And now we cross into plugs that are PAINFUL.
(No, seriously… last time I opened my computer, I came out with several small cuts, and raw, chaffed knuckles.)
Computers are the Hell of plug design. It’s horrible, because you would think that computers are the central nexus of all that we consider “high tech”… you know, we think of the labs where computer stuff is designed as NASA-like places where they put brilliance in the coffee, and genius is a snack at the vending machines… yet computers are held together by many parts that are some of the worst-designed things you could imagine. And certainly not just plugs.
(Once, I read through a roundup review of tons of processor cooling units – like fans and heatsinks – and a HUGE number of them were canceled from the review; the reviewer simply wouldn’t finish testing them, because they were such garbage, they were a threat to computers, and even your hands. Among these were brands that techies usually trust, just that the quality produced from one product to the next is so inconsistent, it’s like they put each design into a randomizer, and use ANYTHING that comes out…)
Even motherboards are often suspect…
A motherboard (the largest chip in a computer) can be easy to work with. You could probably learn how to plug everything into one in about ten minutes, on YouTube… but some motherboard designs are just insulting to anyone who buys them. If you get the wrong board, watch out: I’ve seen more motherboards with the SATA ports right behind the video card than I have fingers on both hands. (If you don’t follow, that’s like putting the glove box in your car right behind the accelerator.)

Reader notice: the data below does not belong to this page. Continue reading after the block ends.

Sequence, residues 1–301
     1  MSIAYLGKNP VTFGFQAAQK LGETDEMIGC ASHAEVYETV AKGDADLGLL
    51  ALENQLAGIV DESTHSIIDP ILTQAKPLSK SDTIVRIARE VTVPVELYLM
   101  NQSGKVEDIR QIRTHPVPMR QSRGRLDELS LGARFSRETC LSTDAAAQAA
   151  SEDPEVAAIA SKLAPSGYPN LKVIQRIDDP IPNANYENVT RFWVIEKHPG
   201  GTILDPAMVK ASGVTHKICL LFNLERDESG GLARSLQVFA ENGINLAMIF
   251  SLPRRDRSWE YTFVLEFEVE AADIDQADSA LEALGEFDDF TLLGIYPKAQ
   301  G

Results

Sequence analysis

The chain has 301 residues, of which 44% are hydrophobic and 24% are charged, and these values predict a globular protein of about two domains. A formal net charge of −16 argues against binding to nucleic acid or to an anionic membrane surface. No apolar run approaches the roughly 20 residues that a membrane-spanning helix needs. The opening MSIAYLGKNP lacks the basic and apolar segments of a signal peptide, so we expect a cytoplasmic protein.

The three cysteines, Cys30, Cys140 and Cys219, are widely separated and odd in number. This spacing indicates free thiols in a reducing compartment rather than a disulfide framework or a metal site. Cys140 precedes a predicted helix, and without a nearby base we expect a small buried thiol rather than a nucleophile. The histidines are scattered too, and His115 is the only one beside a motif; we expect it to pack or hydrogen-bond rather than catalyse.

SATA cables carry info from the hard drive and DVD drives to the motherboard. At first, I was stoked that they replaced the large IDE ribbon cables that we used to have, but the ones in my computer are seriously so loose, that two different ones have slipped out, by themselves, several times… plus 2 complimentary slip-outs EVERY time I install something new around my hard drives. Today, anything is better than the old ribbon cables, but, seriously, if the makers of SATA knew it was to become the new standard, shouldn’t they have made it a LOT better for us people to actually use?
Speaking of things that remind you of Satan… This below is the Molex connector; the plug first requested by the prince of darkness himself, in order to become one of the most effective generators of stress/frustration in the 20th century.
See, I’d say that 1/2 of all Molex connectors are very difficult to pull out, with 1-in-4 being like AAARGH to pull out, and 1-in-10 just not coming out. Period.
Plugging them in can also be a nightmare, just a little less often. In the pic above, look at the metal pipe things that sit in 4 hole. They wobble like CRAZY, and are sometimes are so disoriented – looking out at you like little googly-eyes – that they don’t let anything go in. (so, you have to use a screwdriver, or something, to straighten them yourself.) Was it so hard to make the opening surrounding the metal things a little smaller, so that those pipe things couldn’t move around? I’m sure there’s some brainless adjustment (or 3) that well-intentioned employees at Molex have pitched, which were simply never okayed. I hope they realize that I WOULD pay the extra nano-cent for a better Molex plug.
The other half of Satan’s plot with these was to cause widespread deforestation, as system-builders all over the world mailed paper death-threats to the clowns on top at Molex (having to forego email for paper, due to having launched their computers through their windows).
Right now, at this very moment, there are maybe 40,000 system-builders out there, imagining that they are doing this…
When companies do things like this, it’s very important for people to know about it, because the public holding a gun to a company’s public image forces them to at least try harder.